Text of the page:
In late December, USFS Pinedale District Ranger Bob Reese intervened, and asked the County Commissioners to alter the order so Mr. Thompson could use his James Lane property to store the plow truck. County Commissioners Betty Fear and Gordon Johnston reluctantly complied, but only after Mr. Thompson agreed to apply for a conditional use permit for his White Pine activities at James Lane through the Planning and Zoning Commission.
In accordance with their December agreement with the County Commissioners, the Thompsons applied for a conditional use permit to the P&Z Commission to "maintain facilities for hunting, fishing, horseback riding, hiking and winter sports recreation purposes." This language came right out of the regulations as to what is allowed on A-1 property without a conditional use.
In anticipation of Thursday's hearing, the P&Z Commission sent out 34 letters to the Thompsons' neighbors requesting comment on the proposed conditional use. Two letters in opposition were received, one from Ethelyn Worl, who expressed concerns over dust from increased traffic, and the other from an heir of hers.
Grace Anderson wrote that the current level of traffic was acceptable, but she didn't want to see an increase. Another couple, who own a lot on James Lane, told the commission they had "no problem" with the White Pine-related activities.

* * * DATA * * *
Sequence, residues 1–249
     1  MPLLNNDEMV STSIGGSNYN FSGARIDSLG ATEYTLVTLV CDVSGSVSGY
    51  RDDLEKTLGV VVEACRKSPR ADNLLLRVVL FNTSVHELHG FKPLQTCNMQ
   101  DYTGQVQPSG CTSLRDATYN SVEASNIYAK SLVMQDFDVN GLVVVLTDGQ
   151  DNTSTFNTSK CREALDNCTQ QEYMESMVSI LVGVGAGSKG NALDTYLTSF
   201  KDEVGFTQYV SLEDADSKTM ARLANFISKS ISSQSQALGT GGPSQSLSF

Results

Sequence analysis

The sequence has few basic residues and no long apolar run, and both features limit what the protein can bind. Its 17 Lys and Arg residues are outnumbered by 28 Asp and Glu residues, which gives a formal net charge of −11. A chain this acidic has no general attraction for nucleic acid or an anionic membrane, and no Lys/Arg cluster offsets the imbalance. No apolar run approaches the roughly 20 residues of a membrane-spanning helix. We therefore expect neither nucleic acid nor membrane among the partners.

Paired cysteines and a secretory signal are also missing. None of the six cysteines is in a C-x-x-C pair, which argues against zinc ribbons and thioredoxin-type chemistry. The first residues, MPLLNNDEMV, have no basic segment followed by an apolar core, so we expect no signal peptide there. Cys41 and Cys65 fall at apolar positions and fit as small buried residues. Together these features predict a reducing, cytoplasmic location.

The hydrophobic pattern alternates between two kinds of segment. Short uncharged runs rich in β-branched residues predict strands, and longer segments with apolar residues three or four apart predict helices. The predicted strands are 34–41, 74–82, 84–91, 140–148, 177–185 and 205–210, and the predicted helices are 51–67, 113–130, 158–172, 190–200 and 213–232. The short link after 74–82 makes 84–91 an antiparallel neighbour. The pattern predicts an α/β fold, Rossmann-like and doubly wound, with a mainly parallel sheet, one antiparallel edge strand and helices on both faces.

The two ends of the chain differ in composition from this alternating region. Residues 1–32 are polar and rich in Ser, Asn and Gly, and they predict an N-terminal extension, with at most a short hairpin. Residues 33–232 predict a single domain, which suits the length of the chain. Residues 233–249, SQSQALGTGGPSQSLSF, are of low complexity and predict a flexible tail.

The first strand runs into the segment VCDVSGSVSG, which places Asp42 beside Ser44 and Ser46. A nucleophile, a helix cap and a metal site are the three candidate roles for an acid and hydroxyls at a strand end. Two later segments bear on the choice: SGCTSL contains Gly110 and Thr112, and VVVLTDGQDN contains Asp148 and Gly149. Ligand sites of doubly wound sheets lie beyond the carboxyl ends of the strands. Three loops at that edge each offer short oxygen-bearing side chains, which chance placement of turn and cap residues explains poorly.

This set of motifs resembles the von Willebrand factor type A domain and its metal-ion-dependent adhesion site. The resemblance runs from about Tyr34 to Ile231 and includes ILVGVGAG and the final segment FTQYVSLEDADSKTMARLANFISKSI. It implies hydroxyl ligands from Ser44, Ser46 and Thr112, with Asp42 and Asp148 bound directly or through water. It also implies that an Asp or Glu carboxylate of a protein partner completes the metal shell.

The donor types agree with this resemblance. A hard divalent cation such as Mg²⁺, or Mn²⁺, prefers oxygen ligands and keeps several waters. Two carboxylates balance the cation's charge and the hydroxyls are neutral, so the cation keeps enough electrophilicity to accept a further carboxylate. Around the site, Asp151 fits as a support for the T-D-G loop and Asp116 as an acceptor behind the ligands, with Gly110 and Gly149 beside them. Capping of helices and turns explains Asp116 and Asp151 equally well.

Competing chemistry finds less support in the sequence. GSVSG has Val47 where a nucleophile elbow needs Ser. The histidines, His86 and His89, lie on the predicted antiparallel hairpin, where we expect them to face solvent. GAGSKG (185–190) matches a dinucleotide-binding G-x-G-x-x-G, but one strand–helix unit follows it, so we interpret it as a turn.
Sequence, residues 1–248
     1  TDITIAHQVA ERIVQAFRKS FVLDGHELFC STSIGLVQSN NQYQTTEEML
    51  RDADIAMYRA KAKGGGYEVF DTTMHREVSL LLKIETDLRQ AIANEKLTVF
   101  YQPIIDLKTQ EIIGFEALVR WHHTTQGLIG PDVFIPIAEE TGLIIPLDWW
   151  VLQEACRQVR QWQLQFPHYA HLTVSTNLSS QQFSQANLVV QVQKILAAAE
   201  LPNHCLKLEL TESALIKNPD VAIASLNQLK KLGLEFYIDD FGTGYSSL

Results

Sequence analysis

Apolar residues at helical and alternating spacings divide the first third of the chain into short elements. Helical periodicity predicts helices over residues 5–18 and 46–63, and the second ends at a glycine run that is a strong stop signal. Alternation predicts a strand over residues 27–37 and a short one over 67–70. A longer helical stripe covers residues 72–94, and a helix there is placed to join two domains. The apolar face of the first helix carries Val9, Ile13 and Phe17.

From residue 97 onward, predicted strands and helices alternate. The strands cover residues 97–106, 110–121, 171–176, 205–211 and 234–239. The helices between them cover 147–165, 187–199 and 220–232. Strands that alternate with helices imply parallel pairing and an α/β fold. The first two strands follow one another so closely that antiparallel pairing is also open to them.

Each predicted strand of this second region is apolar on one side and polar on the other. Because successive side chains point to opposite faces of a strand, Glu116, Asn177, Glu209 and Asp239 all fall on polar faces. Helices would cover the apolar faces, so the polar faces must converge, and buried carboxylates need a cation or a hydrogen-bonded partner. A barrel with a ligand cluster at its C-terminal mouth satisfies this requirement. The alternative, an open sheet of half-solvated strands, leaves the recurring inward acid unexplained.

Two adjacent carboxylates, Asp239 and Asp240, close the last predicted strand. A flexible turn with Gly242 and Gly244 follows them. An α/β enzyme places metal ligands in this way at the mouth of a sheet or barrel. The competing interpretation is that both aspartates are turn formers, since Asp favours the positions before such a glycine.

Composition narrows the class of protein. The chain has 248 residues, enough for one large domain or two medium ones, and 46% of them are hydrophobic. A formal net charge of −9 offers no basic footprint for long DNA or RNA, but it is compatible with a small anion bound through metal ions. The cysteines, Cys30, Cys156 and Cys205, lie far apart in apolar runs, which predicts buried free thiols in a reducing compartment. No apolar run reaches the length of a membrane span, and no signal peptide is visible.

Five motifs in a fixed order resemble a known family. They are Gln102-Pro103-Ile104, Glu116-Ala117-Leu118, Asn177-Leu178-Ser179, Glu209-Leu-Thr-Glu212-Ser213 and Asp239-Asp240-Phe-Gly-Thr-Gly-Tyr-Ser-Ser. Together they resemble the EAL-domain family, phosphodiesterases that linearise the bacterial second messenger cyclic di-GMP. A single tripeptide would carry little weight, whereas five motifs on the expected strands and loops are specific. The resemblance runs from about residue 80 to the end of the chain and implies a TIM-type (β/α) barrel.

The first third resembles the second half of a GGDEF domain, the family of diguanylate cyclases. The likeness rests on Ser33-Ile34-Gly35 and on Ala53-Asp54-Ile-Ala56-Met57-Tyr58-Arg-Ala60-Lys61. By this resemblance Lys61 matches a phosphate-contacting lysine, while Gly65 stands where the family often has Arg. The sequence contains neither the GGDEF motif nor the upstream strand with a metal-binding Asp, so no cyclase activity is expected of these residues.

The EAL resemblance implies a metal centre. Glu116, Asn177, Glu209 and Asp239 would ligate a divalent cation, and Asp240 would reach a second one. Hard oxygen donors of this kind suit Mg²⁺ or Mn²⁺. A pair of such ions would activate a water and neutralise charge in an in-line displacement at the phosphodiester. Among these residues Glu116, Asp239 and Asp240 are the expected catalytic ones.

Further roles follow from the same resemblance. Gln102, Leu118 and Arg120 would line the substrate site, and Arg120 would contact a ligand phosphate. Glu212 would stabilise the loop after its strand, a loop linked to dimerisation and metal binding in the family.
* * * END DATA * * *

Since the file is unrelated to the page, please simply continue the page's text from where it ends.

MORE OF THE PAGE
At the meeting, a letter signed by seven of the Thompsons' neighbors "offered no opinion" on the conditional use permit, but said they had no objections to the current activity.
P&Z Chairman Jim Bond began the board's questions by asking Stuart Thompson why he applied for a conditional use permit for activities which would seem to be allowed under the regulations. Mr. Thompson replied that he didn't think he was in violation of the regulations, but was complying with his December agreement with the County Commissioners. Further, he said none of the uses requiring a conditional use permit outlined in the regulations fit the White Pine activity occurring at the James Lane property.